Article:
How do you decide what to do with reports found on social media? Every situation is different, but the considerations are the same. There are three distinct questions to evaluate:
• How credible is the information?
• How important is it to your audience?
• And how urgent is the situation?
With carefully thought-out answers to these questions, you’ll be in good position to decide how to proceed.
Consider the social history of the source. Has this person been on the network for years, or is this a brand-new account with no profile photo, friends or history? Has the person regularly posted information that was credible? In the rare case that someone deliberately tries to spread false information, it will probably be from a newly created or fictitious account, not from a social profile someone spent years building up.
Ask: Was the source in a position to know what he claims to know? Much social media misinformation comes from sources who are mistaken, not outright liars.
• Determine if he witnessed the event firsthand or is passing along hearsay. Does this person live nearby or know the people involved?
• Consider whether the source made assumptions. For example, did he really see fire or just smoke?
• Think critically about whether the source could have missed something important. Was she driving by (less reliable) or standing at the scene?
Try to pose these questions directly to the source, and if you can’t, analyze whatever context you can find.
Seek official corroboration. Do police, firefighters, traffic cameras or any other official sources of information back up the claim?
Seek social corroboration. Are other social network users posting similar, independent reports from the same location? If a tornado really touched down in a city of 8 million people, for example, there ought to be more than one photo of it. Be sure to look for other primary-source reports, not just retweets or messages based on the account you already have.
Credibility and verification is the most important piece of the decision, but not the only one. In many cases you’ll reach some degree of confidence in the report, but fall short of certainty. You should also consider the nature of the information itself.
Ask yourself these questions:
How important is the information to the news that you’re covering? Is it a fundamental claim (“There was a shooting at the fireworks tonight”) or an incidental fact (There must have been 5,000 people at the fireworks tonight”)?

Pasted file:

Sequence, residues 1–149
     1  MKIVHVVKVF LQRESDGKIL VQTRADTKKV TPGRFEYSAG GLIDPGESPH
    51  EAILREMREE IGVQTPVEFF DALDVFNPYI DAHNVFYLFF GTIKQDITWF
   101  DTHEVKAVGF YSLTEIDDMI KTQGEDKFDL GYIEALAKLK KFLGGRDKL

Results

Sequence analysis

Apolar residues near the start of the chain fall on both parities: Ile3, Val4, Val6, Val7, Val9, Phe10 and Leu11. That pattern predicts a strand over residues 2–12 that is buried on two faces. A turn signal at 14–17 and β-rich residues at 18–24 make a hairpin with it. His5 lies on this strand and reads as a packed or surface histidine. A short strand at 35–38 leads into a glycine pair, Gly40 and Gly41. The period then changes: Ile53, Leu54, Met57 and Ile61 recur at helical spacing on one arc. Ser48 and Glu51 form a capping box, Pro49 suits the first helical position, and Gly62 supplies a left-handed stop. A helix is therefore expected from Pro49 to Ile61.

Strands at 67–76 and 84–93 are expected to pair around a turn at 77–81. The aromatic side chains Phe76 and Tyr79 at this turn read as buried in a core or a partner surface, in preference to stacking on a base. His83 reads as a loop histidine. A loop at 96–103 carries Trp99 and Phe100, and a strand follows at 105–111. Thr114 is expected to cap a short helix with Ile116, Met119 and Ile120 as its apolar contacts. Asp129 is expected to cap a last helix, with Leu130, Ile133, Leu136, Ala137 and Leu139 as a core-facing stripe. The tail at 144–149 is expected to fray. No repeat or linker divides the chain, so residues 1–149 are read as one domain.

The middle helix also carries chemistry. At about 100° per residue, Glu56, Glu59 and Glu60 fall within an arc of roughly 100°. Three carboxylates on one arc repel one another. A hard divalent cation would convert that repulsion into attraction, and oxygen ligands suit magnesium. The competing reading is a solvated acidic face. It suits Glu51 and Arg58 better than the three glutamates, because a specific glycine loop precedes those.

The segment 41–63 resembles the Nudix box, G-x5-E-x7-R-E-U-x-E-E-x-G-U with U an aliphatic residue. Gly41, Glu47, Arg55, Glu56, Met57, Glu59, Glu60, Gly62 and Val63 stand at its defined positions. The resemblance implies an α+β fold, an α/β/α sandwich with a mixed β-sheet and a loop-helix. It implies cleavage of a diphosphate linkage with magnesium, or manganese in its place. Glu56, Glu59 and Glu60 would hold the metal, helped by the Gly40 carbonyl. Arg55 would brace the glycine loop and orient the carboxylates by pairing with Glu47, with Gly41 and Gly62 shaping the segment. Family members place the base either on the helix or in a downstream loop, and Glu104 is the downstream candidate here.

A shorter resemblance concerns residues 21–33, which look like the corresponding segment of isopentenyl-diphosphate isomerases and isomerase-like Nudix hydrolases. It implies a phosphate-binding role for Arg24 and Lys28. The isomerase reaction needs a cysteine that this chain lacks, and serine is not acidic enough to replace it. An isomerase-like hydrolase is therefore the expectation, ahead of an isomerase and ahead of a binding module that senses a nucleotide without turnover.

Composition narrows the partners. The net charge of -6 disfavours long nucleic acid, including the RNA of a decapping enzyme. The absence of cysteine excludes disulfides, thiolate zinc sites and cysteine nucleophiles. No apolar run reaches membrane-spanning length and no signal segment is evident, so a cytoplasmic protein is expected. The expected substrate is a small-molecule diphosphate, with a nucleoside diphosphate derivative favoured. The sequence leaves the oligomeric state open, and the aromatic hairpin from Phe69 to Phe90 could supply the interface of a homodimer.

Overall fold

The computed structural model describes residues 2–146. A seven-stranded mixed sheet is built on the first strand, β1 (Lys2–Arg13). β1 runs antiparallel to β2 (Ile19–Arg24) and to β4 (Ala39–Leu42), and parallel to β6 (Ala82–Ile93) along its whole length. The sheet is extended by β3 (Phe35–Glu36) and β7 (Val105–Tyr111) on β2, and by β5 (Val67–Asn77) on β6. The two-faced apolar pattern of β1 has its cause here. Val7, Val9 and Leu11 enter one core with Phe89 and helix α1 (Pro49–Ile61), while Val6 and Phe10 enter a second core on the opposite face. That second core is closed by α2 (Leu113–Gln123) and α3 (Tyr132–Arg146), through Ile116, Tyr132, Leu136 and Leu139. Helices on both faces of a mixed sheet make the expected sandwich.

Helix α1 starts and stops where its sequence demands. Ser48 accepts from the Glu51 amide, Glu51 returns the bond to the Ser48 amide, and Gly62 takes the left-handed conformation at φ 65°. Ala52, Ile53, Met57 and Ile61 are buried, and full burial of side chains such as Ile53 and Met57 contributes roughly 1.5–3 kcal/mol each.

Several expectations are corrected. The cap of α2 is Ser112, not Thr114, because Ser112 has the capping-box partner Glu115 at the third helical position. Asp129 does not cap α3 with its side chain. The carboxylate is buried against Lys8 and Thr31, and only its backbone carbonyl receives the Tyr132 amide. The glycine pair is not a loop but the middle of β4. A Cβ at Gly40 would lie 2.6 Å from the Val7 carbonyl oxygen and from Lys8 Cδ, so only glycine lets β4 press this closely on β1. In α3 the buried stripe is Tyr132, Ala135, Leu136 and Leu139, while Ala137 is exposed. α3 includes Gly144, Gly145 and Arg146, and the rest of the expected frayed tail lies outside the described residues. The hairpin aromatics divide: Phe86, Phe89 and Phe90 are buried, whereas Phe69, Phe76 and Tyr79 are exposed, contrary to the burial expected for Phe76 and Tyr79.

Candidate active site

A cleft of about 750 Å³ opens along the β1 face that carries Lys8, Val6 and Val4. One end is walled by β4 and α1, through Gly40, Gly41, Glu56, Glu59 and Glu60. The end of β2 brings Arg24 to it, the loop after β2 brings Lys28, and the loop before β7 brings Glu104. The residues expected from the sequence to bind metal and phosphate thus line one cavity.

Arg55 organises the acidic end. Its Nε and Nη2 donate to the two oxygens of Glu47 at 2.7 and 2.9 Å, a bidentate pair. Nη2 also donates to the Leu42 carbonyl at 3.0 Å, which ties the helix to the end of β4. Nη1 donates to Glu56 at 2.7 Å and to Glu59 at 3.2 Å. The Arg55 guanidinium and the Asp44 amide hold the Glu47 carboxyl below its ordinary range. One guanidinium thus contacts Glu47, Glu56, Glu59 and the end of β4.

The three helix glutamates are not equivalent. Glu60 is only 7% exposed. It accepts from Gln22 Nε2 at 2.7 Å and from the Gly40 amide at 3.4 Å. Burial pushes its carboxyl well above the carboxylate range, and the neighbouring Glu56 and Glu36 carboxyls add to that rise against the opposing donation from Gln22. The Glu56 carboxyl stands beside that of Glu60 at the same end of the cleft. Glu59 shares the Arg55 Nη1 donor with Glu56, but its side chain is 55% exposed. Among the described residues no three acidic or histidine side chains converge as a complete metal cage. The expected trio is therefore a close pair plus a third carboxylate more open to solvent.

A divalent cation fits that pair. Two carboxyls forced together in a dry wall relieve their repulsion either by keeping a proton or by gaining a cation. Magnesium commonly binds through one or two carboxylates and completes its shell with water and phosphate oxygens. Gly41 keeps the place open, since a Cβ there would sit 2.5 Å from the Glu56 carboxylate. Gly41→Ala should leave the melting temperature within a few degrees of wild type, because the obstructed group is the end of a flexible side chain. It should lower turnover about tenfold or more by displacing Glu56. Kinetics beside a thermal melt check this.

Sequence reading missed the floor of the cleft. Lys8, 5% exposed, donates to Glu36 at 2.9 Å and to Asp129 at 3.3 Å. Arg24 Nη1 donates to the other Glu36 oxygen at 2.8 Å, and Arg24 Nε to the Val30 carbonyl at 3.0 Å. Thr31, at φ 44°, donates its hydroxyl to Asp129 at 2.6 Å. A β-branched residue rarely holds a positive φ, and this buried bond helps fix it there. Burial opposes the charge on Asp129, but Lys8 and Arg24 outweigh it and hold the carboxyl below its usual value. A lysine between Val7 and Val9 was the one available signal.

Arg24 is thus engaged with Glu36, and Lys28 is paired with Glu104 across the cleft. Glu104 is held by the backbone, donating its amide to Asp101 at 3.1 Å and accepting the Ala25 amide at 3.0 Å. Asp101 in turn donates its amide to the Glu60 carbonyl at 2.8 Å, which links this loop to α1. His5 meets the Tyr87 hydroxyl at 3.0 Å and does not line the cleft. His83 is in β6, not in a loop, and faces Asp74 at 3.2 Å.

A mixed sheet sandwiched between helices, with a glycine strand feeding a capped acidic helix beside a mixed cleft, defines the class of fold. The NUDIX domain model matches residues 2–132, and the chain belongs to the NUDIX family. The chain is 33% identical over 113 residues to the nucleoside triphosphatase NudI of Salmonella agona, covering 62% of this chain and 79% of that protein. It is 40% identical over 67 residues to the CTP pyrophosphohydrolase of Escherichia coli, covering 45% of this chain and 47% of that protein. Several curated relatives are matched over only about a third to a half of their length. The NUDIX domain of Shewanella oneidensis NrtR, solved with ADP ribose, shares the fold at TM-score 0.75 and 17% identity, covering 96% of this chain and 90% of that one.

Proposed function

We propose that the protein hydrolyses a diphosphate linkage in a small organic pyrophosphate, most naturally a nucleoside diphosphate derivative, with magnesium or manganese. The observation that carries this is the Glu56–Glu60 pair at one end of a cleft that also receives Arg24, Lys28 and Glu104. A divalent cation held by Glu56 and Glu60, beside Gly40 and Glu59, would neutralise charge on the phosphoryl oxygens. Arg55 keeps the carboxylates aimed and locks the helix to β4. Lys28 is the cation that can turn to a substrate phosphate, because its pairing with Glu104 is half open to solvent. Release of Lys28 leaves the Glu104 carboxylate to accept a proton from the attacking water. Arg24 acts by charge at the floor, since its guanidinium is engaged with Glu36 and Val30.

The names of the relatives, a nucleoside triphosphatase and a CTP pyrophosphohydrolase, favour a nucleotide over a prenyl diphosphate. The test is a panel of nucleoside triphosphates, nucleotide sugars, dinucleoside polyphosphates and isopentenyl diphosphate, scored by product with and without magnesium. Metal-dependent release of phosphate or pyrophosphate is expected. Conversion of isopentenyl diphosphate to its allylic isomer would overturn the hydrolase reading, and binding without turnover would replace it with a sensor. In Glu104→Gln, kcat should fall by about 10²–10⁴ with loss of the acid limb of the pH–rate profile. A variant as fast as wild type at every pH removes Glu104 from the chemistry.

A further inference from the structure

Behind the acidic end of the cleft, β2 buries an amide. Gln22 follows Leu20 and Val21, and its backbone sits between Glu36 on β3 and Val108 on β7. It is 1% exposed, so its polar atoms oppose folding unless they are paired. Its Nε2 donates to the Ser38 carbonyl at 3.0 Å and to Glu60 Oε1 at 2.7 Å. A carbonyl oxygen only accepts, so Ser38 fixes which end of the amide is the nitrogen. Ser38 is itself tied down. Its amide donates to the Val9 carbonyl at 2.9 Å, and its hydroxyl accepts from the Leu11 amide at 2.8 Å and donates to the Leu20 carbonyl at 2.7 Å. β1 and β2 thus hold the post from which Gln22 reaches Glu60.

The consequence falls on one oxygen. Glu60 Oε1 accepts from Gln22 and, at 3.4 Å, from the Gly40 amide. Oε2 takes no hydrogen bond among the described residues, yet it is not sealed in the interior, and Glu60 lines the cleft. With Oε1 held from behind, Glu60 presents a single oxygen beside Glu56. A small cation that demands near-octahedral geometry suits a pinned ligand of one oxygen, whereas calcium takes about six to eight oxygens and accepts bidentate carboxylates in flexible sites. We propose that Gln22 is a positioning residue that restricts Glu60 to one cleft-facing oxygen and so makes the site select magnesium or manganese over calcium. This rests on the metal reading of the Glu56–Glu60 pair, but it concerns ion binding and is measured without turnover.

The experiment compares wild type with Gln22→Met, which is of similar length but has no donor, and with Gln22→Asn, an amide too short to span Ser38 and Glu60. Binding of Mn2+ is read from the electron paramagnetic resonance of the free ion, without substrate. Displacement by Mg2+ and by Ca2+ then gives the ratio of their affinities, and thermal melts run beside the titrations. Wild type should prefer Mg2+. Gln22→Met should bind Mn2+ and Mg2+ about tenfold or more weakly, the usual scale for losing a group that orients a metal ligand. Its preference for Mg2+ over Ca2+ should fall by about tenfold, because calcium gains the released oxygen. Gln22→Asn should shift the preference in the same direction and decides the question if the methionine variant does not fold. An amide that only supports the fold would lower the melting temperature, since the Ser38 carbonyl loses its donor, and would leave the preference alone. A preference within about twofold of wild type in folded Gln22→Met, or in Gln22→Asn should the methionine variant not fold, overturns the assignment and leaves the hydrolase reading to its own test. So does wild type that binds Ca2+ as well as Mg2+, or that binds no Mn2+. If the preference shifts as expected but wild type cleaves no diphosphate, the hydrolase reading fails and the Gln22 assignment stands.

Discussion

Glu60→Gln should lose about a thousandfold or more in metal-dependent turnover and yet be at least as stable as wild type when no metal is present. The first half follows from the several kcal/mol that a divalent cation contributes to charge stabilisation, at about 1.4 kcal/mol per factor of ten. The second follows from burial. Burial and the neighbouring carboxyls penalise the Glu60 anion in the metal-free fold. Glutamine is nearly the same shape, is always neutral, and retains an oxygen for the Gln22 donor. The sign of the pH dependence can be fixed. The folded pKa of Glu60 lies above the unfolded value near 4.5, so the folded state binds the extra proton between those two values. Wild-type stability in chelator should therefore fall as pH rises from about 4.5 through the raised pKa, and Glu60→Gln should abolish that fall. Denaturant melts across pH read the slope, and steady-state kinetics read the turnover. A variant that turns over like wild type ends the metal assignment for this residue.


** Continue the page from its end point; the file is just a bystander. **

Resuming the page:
How important is the story to your general newsgathering mission? Is the overall story something important enough to consider taking a risk? Or is it a minor story with little public impact or interest?
What are the risks and rewards of publishing this information? If it turns out to be wrong, what damage would your report have caused? If it’s true and you withhold it, how underinformed would your readers be?
In addition to credibility and importance, you need to be aware of how time-sensitive the situation is. Consider whether the information is urgent, and whether it may become irrelevant if you wait too long to make your decision.
How quickly must you decide what to do? What damage could be caused by waiting to publish this, perhaps until you become more confident in your source’s account? Is there a benefit to waiting? If you are dealing with a report of an alleged ongoing public safety incident, you must consider the value of alerting others to the potential danger as soon as possible.
All of these factors should weigh into your decision. Consider the overall credibility of the source and your confidence in the accuracy of the report. Decide how important the information and the overall news story are to your audience. And weigh whether the information is time-sensitive and requires an immediate decision.
If you decide to publish the information, you should disclose to your audience how you received and vetted the information, and you should note any caveats or conflicting reports. Be transparent about your difficult decision, which will empower the audience to make their own call about whether to trust the information.
This article first appeared on Poynter Online, IJNet's partner and the website of the Poynter Institute, a school serving journalism and democracy for more than 35 years. Poynter offers news and training that fits any schedule, with individual coaching, in-person seminars, online courses, Webinars and more. The complete article is translated in full into IJNet's six other languages with permission from Poynter.